Oil industry sees Paris climate deal as chance to innovate

HOUSTON -- If a crisis is a terrible thing to waste, the oil industry sees the Paris climate accord not as a death knell, but an opportunity to innovate and even grow.

HOUSTON -- If a crisis is a terrible thing to waste, the oil industry sees the Paris climate accord not as a death knell, but an opportunity to innovate and even grow.

The move is a shrewd one for an industry that has been on the defensive for years on climate issues, constantly fending off attacks that its products have contributed to an unhealthy rise in global temperatures.

While the landmark emissions-reduction agreement among 195 countries late last year was seen as a defeat for fossil fuel producers, executives and oil ministers sounded a clarion call this week at their first major meeting since the Paris talks for more research into how carbon capture technology can be cheapened and perfected.

The hope is that this and other technologies could sharply cut oil and natural gas emissions, protect the industry from the ramifications of climate change legislation and ensure developing economies still have access to inexpensive energy.

"If you could eliminate all of the carbon dioxide from fossil fuel combustion, then you could use those fuels as long as you want," Robert Armstrong, director of the MIT Energy Initiative, said in an interview on the sidelines of IHS CERAWeek, the world's largest gathering of oil executives.


He added that other sources of energy, including renewable technologies, should be part of the oil industry’s research focus, to transition away from fossil fuels in the coming decades.

"It's just a matter of making those technologies competitive in the market."

That could help the oil industry avoid the worst-case scenario for a post-Paris world: governments forcing oil and gas production to cease in certain areas.

Ali Al-Naimi, Saudi Arabia's oil minister, called climate change a greater challenge for his industry than even crude price gyrations.

Naimi, who attended the Paris meetings, said his nation -- the Organization of the Petroleum Exporting Countries' de facto leader -- is committed to finding technological solutions to slash emissions.

"We recognize the threat posed by climate change," he said. "We and many others have invested time, money and brain power into seeking technological solutions to the challenges posed by climate change, in particular with carbon capture."

Ryan Lance, chief executive of ConocoPhillips, spoke about the impact of climate change in Alaska, where his company is the largest oil producer. "I've seen the glaciers melting," he said.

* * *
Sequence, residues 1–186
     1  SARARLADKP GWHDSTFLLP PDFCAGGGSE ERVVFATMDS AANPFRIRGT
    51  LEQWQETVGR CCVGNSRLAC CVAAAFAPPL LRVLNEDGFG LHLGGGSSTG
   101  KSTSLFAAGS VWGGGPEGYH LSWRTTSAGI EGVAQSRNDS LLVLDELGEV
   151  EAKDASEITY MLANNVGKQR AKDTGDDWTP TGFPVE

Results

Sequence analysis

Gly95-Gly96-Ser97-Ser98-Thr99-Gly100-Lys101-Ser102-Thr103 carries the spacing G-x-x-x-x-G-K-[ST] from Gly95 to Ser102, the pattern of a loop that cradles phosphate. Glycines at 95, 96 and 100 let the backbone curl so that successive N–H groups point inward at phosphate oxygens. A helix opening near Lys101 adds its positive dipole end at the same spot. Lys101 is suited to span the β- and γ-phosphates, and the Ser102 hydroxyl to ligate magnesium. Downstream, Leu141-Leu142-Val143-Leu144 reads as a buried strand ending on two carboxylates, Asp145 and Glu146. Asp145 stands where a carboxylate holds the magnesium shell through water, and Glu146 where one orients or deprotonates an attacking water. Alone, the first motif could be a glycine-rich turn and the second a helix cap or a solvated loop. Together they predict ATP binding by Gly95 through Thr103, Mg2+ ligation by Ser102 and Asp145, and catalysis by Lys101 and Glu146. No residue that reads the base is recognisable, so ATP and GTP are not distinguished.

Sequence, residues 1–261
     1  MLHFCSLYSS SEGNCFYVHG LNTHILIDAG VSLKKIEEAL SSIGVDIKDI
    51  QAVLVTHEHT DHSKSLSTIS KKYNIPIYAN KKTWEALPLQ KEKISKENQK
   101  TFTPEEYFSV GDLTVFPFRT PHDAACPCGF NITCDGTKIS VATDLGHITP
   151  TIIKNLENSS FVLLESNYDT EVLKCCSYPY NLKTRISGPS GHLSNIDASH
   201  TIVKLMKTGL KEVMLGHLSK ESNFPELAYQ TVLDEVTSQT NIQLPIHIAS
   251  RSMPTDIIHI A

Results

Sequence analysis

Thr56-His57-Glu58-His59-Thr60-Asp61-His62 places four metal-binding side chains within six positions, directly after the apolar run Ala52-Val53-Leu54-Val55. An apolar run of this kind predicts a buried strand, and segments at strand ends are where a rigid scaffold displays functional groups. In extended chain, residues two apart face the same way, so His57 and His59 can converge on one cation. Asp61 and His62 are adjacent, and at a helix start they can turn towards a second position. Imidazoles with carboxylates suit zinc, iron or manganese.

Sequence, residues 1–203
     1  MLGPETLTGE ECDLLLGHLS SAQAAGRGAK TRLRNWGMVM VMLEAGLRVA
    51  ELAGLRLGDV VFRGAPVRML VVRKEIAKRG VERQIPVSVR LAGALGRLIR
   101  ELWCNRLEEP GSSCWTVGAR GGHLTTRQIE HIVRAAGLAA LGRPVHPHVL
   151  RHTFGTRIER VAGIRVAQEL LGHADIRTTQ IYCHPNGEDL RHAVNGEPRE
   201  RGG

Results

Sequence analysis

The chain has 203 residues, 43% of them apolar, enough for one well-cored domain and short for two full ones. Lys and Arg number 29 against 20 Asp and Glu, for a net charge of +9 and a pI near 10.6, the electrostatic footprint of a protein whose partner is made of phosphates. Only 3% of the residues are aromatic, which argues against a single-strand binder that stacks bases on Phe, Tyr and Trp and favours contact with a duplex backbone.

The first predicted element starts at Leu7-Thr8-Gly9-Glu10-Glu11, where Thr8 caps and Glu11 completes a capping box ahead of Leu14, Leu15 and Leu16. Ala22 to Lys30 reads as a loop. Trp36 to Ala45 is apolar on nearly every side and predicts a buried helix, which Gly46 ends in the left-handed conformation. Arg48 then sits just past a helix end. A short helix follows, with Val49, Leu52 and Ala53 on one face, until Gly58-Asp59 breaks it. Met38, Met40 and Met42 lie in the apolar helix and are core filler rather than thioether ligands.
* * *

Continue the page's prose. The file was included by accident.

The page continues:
John Hess, CEO of Hess Corp., North Dakota's third-largest oil producer, called climate change a "serious problem."


"The world needs more energy, but it needs less CO2. We think we can get there," Hess said in an interview.

Many expressed confidence the industry's scientists -- who perfected horizontal drilling and fracking that reinvented the industry -- could find ways to prevent more carbon from polluting the atmosphere.

Their comments starkly contrasted with how some members of the industry for years questioned the reality of climate change. A couple of energy companies have faced inquiries over their climate change disclosures.

The Paris deal, which must still be ratified, aims to limit the rise in global temperatures to "well below" 3.6 degrees Fahrenheit, a level scientists see as a tipping point. Until now, the line was drawn only at 3.6 degrees.

Oil companies have pulled off technological surprises before. An ExxonMobil Corp. engineer invented the lithium ion rechargeable battery in 1975 amidst widespread concern oil supplies would run out. While that battery failed to immediately take off, it is now used by Tesla Motors to power its electric cars.

In an unusual twist, JB Straubel, Tesla's chief technical officer, gave a keynote speech at the event.



Naimi insisted the oil industry was a "force for good," providing fuels for economic growth in developing nations.

"We should not be apologizing, and we should not ignore the misguided campaign to keep it in the ground," the Saudi minister said.

Industry leaders say it is hypocritical for societies to continue to use products derived from fossil fuels while demanding an end to oil and gas extraction.

"It's a bit Pollyannish to say that we can move away from the carbon age and still have rising expectations for living standards," said Mark Papa, CEO of Silver Run Acquisition Corp.

For John Brown, the executive chairman of L1 Energy and the former CEO of BP climate change is also a life-or-death issue for the oil industry.

"To have a seat at the table and shape the future is, I believe, vital," Brown said. "We do need a planet upon which to conduct future oil and gas activity."

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